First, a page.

By James “Skyy Dobro” Walker
“Name McKinley Morganfield, nickname Muddy Water, Stovall’s famous guitar picker,” Muddy clearly said in his first ever recording session, August 1941. McKinley “Muddy Water” Morganfield, of course, is the most famous Blues musician ever, the father of modern Chicago Blues, and the only household Blues name – along with B.B. King. Note that “Water” is singular, and the beauty here is that one can hear him say it for himself / herself.
Wikipedia reports: “In the summer of 1941, Alan Lomax went to Stovall Plantation, Mississippi [looking for Robert johnson – by then deceased], on behalf of the Library of Congress, to record various Country Blues musicians [including Morganfield]. Lomax came back in July 1942 to record Muddy again. Both sessions were eventually released as Down On Stovall’s Plantation on the Testament label. The complete recordings were re-issued on CD as Muddy Waters: The Complete Plantation Recordings. The historic 1941-42 Library of Congress field recordings by Chess Records in 1993, and re-mastered in 1997.”
I own the 1993 CD release, and the opening quote in this article is heard in the sixth track, “Interview #3 – previously unissued.” Used copies of this CD with its landmark recordings can be found on Amazon.com for as little as $3.25, plus shipping and handling. It is a complete knockout to hear not only his 1941 voice but also the first song he ever recorded!
Morganfield’s grandmother Della, who raised him after his mother Berta was swept away by flood waters, nicknamed him “Muddy.” According to author Robert Gordon in 2002’s book Can’t Be Satisfied: The Life and Times of Muddy Waters, Della “renamed him Muddy…” when McKinley “took to playing in the dangerous waters that were everywhere around Jug’s Corner….”
Muddy started playing music on harmonica, but by age 17 he switched to guitar and played at house parties. His style was influenced by earlier recording artists Son House and Robert Johnson. At some point, once he was becoming established in the community as a good musician, his friends added the name “Water” to his nickname and performing name, and as one can hear, he called himself “Muddy Water.”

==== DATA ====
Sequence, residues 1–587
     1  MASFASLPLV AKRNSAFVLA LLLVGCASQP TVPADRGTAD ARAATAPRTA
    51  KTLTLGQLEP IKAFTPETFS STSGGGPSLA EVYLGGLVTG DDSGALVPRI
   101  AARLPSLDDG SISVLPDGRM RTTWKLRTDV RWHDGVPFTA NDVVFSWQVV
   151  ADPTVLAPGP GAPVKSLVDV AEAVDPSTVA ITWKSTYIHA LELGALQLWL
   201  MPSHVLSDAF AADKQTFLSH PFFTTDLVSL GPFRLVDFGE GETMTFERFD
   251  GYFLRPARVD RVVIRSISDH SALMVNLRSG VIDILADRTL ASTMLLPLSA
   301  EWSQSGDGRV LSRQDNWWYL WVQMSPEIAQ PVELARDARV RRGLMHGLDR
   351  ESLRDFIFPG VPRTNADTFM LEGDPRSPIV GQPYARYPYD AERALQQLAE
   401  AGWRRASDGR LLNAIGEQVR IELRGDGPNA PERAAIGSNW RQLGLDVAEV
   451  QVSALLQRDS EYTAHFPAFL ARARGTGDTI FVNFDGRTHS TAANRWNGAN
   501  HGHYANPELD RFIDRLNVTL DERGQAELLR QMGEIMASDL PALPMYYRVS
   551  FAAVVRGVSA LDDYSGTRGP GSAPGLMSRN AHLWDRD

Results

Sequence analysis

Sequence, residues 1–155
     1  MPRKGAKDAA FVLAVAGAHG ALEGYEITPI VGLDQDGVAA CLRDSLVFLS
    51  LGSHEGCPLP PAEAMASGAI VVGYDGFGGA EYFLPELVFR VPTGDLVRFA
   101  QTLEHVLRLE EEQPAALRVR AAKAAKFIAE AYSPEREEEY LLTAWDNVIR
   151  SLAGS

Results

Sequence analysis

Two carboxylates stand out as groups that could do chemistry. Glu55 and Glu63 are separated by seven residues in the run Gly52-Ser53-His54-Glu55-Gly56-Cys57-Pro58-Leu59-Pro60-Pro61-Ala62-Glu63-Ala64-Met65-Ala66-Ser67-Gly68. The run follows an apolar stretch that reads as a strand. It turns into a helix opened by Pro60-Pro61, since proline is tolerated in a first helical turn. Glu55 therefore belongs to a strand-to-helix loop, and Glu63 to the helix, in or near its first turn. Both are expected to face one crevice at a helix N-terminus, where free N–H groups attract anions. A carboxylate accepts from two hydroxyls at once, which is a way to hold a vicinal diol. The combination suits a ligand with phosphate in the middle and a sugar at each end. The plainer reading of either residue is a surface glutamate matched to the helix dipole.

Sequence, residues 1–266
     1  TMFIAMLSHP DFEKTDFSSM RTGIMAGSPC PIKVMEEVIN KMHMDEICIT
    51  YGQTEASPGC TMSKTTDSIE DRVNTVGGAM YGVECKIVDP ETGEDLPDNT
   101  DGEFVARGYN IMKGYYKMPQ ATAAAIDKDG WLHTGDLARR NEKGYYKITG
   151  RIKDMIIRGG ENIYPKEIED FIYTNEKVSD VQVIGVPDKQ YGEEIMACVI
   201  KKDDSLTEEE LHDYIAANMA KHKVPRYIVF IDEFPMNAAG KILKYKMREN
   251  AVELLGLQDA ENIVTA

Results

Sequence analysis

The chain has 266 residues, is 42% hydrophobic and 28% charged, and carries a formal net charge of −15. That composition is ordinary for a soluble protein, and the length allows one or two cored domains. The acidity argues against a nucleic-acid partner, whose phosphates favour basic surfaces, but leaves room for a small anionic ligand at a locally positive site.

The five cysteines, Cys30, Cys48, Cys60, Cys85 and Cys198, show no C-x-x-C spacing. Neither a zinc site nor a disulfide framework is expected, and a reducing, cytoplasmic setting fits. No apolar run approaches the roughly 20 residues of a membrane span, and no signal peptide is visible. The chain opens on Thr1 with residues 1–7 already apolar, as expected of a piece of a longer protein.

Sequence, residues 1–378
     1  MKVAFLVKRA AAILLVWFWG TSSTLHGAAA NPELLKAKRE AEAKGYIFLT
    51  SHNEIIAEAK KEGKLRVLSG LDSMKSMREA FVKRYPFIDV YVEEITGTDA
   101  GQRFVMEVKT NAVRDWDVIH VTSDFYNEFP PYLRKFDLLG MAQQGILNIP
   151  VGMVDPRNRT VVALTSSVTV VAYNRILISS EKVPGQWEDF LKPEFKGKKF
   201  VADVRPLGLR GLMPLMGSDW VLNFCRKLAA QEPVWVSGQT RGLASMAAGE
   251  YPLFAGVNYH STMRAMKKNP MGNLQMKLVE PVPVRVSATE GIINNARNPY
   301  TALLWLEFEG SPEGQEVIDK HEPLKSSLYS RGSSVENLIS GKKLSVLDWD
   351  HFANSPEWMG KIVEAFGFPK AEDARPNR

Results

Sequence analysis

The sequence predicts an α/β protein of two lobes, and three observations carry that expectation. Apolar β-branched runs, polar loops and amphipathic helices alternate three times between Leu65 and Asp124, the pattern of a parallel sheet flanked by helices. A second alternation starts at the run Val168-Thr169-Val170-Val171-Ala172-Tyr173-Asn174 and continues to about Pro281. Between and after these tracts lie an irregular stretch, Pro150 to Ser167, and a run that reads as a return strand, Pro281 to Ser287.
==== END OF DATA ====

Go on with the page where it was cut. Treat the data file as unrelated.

So, how and when did the “s” get added to Water? The surprising answer is found in a book titled, Lost Delta Found – Rediscovering the Fisk University – Library of Congress Coahoma County Study, 1941-1942 by John W. Work, Lewis Wade Jones, and Samuel C. Adams, Jr. The editors are Robert Gordon and Bruce Nemerov. The editors first point out further proof of the singular “Water” in a footnote on page 51. It’s in the form of handwriting by Work on a 1943 photograph of Muddy and his mentor Son Sims, “The photo of Muddy and Son Sims is labeled in John Work’s hand, ‘Muddy Water.’” The photograph is shown with labeling on page 119.
It seems a clerical error by Alan Lomax himself added the “s” to “Water.” Again quoting from the page 51 footnote: “Lomax refers to Morganfield as ‘Muddy Waters’ (and repeatedly misspells ‘Sims’ as ‘Simms’). The first published misidentification occurs in Lomax’s liner notes that accompany the 1942 Library of Congress album Afro-American Blues and Game Songs.”
By the time Muddy was in Chicago, it seems he went with the flow and accepted his third nickname to be the euphonious appellation by which he is known to recorded history, “Muddy Waters.”